I often get asked questions that boil down to “How do I get better at using my computer?” Many people have a basic level of frustration using their PCs because they can’t necessarily find the answers to the questions they have.
In fact, it’s one reason sites like Ask Leo! are so popular.
And that word find is the key.
The most important skill? Search
If there’s one skill I recommend everyone invest in, it’s using search engines such as Google more effectively.
OK, to be completely honest, it’s part skill and part patience. It’s frustrating to watch people search using wild guesses and then quickly give up in frustration when the answer they’re looking for isn’t at the top of the results.
The search engines do try to interpret what you’re looking for, and while they are getting better, they can only go so far. The better and more clearly you are able state what you’re looking for, the better results you’re going to get.
The most common mistake
The most common mistake I see is trying to be too specific from the start: including every term you can possibly think of to narrow down the search.
There’s nothing wrong with being specific or trying a naturally complete phrase or description. Just don’t give up when what you’re looking for isn’t obvious in the first few results.
The second most common mistake is the exact opposite: using only one or two words as your search terms, and giving up after getting lost in a flood of irrelevant results.
The solution: refinement
Effective searching involves knowing what words, phrases, and partial phrases are most likely to get you what you want. But really effective searching also means knowing what to do next.
Knowing how to refine your second search is perhaps more important than the terms you choose to start with. It involves understanding a little bit of how search engines work and using that knowledge to pick the right things to search for next. It’s a step many people simply skip. If they don’t get what they want immediately, it must not exist.
If you’ve tried to be specific with your search terms, perhaps you’ve been a little too precise. Try removing some terms, or replacing them with more generic synonyms, and searching again. Cast a wider net, knowing that you’ll possibly see results that aren’t related. Rather than typing in a sentence, focus only on the terms that are truly relevant to what you’re looking for.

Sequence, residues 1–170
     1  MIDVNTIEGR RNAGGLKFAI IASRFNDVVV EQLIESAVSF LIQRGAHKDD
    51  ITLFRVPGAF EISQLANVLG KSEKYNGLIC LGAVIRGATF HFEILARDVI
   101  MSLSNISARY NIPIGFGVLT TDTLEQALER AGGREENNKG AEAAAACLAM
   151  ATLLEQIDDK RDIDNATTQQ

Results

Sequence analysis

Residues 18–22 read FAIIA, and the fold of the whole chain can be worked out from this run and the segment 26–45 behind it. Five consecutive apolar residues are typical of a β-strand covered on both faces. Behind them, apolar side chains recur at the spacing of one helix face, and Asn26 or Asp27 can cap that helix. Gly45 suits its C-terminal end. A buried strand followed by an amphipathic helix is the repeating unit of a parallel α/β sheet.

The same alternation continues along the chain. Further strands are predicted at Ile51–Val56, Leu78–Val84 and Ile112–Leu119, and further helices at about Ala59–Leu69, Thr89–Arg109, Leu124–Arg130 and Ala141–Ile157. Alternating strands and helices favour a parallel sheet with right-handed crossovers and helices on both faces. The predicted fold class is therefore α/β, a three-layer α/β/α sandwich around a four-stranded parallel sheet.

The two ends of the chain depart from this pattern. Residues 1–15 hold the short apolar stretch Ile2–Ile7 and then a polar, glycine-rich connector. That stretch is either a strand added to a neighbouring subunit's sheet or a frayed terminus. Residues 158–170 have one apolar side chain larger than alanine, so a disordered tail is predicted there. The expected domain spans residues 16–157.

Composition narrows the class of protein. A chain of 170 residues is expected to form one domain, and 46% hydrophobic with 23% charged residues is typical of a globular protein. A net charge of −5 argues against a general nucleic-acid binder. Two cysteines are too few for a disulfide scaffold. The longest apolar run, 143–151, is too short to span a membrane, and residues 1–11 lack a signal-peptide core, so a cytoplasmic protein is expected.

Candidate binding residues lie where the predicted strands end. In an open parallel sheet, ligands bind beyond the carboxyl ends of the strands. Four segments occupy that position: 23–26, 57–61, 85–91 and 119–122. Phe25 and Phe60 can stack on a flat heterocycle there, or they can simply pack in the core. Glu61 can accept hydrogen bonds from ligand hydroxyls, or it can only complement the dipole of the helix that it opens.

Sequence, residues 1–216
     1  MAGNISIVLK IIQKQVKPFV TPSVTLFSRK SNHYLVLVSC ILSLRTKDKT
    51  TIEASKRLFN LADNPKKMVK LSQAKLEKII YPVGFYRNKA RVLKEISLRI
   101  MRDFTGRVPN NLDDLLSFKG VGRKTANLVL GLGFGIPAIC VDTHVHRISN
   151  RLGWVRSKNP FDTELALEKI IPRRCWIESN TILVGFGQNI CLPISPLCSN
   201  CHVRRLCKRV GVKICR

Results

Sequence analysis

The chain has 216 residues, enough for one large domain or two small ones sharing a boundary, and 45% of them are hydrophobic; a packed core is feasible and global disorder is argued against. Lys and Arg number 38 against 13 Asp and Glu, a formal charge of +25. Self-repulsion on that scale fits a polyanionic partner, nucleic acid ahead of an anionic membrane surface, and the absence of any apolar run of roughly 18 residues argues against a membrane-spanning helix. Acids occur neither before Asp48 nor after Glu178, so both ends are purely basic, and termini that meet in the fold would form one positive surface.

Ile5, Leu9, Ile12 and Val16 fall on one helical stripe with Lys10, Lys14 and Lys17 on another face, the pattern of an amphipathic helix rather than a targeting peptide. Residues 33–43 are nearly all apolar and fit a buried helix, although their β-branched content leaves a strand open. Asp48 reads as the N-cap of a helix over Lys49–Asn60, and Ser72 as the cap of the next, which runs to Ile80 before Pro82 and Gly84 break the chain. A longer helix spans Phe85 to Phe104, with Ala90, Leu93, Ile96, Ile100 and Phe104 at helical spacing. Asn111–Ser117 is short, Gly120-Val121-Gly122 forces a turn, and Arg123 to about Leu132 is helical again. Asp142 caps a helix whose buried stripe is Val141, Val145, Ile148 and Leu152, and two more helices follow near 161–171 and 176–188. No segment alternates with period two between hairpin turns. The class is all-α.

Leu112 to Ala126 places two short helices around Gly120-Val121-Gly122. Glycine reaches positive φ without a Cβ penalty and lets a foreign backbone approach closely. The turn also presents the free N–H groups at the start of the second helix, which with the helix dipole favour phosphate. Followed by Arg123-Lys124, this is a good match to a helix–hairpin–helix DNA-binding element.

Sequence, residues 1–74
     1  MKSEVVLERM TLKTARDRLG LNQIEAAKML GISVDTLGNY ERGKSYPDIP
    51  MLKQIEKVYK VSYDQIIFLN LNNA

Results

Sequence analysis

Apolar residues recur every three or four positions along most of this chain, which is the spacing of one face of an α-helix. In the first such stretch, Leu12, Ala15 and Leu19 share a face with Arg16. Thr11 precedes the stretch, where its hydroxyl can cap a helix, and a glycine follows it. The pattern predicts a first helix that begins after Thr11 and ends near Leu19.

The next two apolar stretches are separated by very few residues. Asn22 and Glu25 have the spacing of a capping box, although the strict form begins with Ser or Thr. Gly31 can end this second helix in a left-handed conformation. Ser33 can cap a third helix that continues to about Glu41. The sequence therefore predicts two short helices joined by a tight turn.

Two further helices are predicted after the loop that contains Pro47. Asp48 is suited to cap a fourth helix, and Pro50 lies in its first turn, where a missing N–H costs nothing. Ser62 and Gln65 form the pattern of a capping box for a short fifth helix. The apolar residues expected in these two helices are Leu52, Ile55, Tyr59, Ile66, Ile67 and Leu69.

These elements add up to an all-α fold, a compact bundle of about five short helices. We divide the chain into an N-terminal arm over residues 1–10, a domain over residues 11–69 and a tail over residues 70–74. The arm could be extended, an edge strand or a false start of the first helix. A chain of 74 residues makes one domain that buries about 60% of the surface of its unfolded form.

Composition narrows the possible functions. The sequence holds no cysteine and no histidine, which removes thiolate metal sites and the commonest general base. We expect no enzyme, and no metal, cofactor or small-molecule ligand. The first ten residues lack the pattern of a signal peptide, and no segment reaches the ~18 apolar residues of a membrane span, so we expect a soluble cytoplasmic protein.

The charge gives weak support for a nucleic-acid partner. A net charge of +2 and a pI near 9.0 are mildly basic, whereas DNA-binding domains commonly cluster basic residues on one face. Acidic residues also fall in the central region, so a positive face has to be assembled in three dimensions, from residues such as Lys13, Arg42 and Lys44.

If you’re seeing results that are somewhat related but generally off the mark, perhaps you’ve not been precise enough. Try adding some terms to narrow down what you’re looking for.
In either case, be prepared to repeat the process to further narrow in on your target. Good searching is often an iterative process.
An example: looking for jewelry
The evening after I wrote the first draft of this article, my wife presented me with a search challenge1. She’d been to a craft show, and had seen a silver jewelry artist she wanted to find online. The challenge was this: she couldn’t recall the artist’s name; she knew the artist has a website; and she knew the city the artist was from (not local to us).
I started with the basics: “silver jewelry <city>” (I’ll use “<city>” as a placeholder here for the actual city name). That returned a long list of jewelry and craft supply stores in that city. That was too generic and not particularly useful.
I added the word “artist”, since I was looking for a person, not a store: “silver jewelry artist <city>”. This returned a somewhat different list, including entries for classes to become an artist. But there was one result that caught my eye: a craft show in the artist’s city. In fact, it was a page that listed the artists showing at that particular show, categorized by the style of art they did.
That had promise. It seemed likely that a crafts person might exhibit at shows local to her. I went to that page and located the section on silver jewelry. There were several listed, but only one artist located in the same city as the show… and that listing had a name.
I searched for “<name> <city>”, and the first result was the website of a silver jewelry artist in that city. I clicked on it and showed it to my wife.
Success, in roughly three searches.
It’s about more than technology
While I’ve positioned this as a “computer-related” skill, it really does apply to anything you might look up online — even jewelry! 🙂
Given how pervasive searching online has become, I believe principles of effective searching should be taught in school and made available as adult education courses as well.
It’s that important.